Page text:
As the world’s largest software provider for the wild film industry, few companies have been hit as hard by the pandemic as Group View.
The forced closures have caused three of Vista’s top 15 customers to start restructuring. Others remain on the brink. Few buy new software, and of those who do, even fewer pay for it.
As of December, Vista’s two biggest markets were still in serious trouble: Only 40% of North American theaters and 20% of European ones had reopened. More collapses may be imminent, as loan deferrals, covenant waivers and insolvency moratoria end. It is a disaster.
|Year to December ($m)||2020||2019||Change
|Income (Cinema Vista)||57||99||(42)|
|Revenue (additional group companies)||14||18||(22)|
|loss of benefits)||(57)||13|
|Free cash flow||(17)||(5)||240|
|World market share* (%)||51||51||0|
|Earnings per share (c)||(24)||6|
|Dividends per share (c)||0||0||0|
|*20 screens, excl. Porcelain|
Vista’s response was predictable and appropriate. It scrapped its dividend, raised capital, restructured its workforce, took heavy write-downs, wrote off accounts receivable, and burned newly raised cash to stay afloat. The result was a massive loss of NZ$57 million. With the company still burning through 3-4 million NZ dollars per month waiting for a recovery, there is more to come.
None of this was a surprise. When we first updated the stock in September (Spec Purchase: $1.70), we argued that the pandemic would not last forever and that Vista would prevail afterwards. With mass vaccinations underway and the world about to reopen, we will soon see if events confirm that view.
pressure makes diamonds
Giving us confidence is that Vista started the recession with 51% of the market. Apart from in-house solutions, it has few serious competitors; those that do exist are small niche operators, often serving a few chains or regions.
Vista’s unmatched scale allows you to invest more than anyone else in sales, marketing, and product development. Its broader customer base reduces reliance on a single customer and drives never-ending product enhancements, like a COVID reopening kit, which helps with physical distancing requirements and contact tracing.
So while Vista has been hit hard, its competitors will have been hit even harder. Most are reducing investment in products, sales and marketing. In contrast, Vista is launching a new SaaS product this year, allowing theater operators to put their sales, kiosk and customer data in the cloud, saving money on on-site technicians and getting automated updates. While its rivals cling to life, Vista is cementing its market leadership with plenty of cash to weather the recession.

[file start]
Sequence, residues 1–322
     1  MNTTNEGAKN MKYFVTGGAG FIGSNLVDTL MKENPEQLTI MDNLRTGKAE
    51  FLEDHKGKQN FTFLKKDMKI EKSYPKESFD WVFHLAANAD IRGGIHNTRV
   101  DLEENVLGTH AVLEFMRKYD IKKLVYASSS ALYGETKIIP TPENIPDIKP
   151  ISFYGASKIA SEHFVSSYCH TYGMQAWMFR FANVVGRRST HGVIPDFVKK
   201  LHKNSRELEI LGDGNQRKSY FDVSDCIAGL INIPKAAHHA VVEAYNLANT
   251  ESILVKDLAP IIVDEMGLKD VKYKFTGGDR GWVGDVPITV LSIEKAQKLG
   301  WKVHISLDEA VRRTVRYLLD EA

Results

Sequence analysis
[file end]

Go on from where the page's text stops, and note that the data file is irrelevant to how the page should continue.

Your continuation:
Are moviegoers coming back?
The question is not whether Vista will emerge as the supreme ruler of movie software, but whether there will be a kingdom to rule over. Consumers are streaming more content. Studios are shortening release windows and experimenting with direct-to-consumer releases. Will moviegoers and studios return to the movies?
The first data is irregular. Encouragingly, the Chinese box office has recorded $1.6 billion in sales so far this year, which is slightly behind the $9.2 billion reached in 2019. Meanwhile, in New Zealand and Australia, Google Trends data shows that searches for ‘movie tickets’ are on the rise, though still well below from pre-pandemic levels. Meanwhile, CEO Kimbal Riley, has said that he is encouraged by the “steady accumulation of positive news related to theater openings in China, Japan and Russia, as well as good signs in the US and UK.” But of course he would.
With studios still holding back content, it’s too early to tell. Our view, however, is that with global vaccines underway and an entire human race about to explode out of their living rooms, the last thing anyone wants to do is watch a movie on their couch. With pent-up demand meeting a glut of Hollywood blockbusters, the crowds could be bigger than ever. We believe that Vista will break even by the end of the year.
Question marks remain around release windows and studio moves like Warner Brothers to Release All 2021 Movies Direct-to-Consumer on its streaming platform simultaneously with the cinema. But such moves are likely a customer acquisition boost and will likely be temporary.
Streaming may erode theaters to the margins over time, but top directors and actors are looking for the big screen prestige and moviegoers appreciate the best sensory experience. Even the studios acknowledge the hype and additional revenue that is only possible with a theatrical release.
Yes, it’s inevitable that some movie theater chains will go bankrupt, but most won’t be wiped out. The fastest way a new owner will make money is by turning movies back on. For that, they’ll need Vista’s software, and with less than three times 2022 revenue, there’s plenty of upside to this stock if Vista can get the show back on track. SPECULATIVE PURCHASE.
Disclosure: The author owns shares in Vista.